Notice that this is not the response of the crowd, those who happen to show up out of curiosity about this Jesus. These are the words, not of the casual or uncommitted, but of the ones who have given their lives over to following Jesus. They have believed in him and given up much in order to be his disciples. Now Jesus tells them that he knows that some among them do not believe that he has come down from heaven, that he will return, and that his words are spirit and life. John’s gospel says, “Because of this many of his disciples turned back and no longer went about with him.”
If we are honest, each of us has to admit that we have had times of wondering if our faith is real, if it makes any difference in the course of our lives or in the lives of those we love or in the life of the world. When our children suffer, when relationships fail, when families are broken, when life doesn’t turn out as we had hoped, when we are disappointed in people we love—in such times we look for God, we long for God’s presence, and we have difficulty seeing God or feeling God with us. This doesn’t necessarily mean that we lose our faith or that we renounce our belief, but it can make it easier for us to think that going to church is not that important, that giving or trying to help doesn’t matter much, or that praying doesn’t really make a difference. We can become like the disciples in this Sunday’s Gospel lesson.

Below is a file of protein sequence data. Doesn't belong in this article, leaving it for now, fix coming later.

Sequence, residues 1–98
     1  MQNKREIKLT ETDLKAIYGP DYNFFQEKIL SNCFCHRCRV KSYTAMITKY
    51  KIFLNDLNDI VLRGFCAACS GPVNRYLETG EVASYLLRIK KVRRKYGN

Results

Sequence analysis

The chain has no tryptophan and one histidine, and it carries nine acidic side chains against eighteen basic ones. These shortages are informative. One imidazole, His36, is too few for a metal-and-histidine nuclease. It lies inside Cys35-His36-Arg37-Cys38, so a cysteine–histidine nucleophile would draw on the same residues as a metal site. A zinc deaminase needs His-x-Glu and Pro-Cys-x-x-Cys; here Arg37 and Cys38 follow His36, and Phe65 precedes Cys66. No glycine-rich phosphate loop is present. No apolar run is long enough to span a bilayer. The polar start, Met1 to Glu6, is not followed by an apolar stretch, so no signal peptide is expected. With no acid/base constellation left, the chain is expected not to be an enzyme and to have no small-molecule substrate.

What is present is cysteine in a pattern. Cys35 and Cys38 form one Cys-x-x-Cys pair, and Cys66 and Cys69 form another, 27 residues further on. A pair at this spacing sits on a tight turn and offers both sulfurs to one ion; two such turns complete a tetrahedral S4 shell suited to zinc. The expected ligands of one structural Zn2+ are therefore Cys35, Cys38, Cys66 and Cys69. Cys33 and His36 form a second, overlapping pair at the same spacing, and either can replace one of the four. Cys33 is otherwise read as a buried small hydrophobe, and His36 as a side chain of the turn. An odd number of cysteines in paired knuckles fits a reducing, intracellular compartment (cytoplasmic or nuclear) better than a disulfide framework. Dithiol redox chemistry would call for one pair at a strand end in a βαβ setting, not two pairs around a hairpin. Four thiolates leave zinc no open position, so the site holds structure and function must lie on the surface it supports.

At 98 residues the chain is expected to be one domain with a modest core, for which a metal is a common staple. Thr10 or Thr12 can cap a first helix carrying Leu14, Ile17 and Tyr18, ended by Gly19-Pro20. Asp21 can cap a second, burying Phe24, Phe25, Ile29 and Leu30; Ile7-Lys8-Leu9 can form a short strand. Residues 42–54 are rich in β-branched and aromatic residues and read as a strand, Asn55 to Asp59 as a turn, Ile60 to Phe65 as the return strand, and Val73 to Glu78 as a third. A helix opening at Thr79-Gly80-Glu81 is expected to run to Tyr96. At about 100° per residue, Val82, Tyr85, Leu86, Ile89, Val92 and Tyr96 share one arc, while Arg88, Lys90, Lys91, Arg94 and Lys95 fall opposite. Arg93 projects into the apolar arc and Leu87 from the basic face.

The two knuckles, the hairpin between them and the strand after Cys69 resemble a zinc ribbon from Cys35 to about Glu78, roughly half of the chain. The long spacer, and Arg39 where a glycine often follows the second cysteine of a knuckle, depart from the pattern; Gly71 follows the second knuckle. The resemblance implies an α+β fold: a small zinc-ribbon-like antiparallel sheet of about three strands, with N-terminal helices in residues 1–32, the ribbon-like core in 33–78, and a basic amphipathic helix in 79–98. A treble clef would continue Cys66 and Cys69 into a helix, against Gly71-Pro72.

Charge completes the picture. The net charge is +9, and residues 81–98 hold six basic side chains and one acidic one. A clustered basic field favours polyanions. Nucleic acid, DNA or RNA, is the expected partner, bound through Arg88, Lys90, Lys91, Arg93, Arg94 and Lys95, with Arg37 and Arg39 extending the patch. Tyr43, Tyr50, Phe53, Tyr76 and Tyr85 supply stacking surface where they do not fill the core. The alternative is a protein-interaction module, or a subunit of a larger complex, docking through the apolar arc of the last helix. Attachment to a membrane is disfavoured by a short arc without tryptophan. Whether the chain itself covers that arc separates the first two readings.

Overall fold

But there is hope in the scene John describes. There is courage and faith. After many others have walked away, Jesus turns to the Twelve and asks, “Will you also go away?” Peter answers him, “Lord, to whom shall we go? You have the words of eternal life.” Why are they able to keep the faith, to stay with Jesus? They are not “better” than the others. The difference is that they stay focused on Jesus. They keep themselves in his presence.
How can we do this? By accepting and embracing one of the great gifts of our faith as Episcopalians—the real presence of Christ in the sacraments. Come to church. Participate in the Eucharist. Eat the bread, and drink the wine. Let Christ be in you. Certainly, God is present in all of creation. Our worship together is the primary way in which we keep ourselves present to God.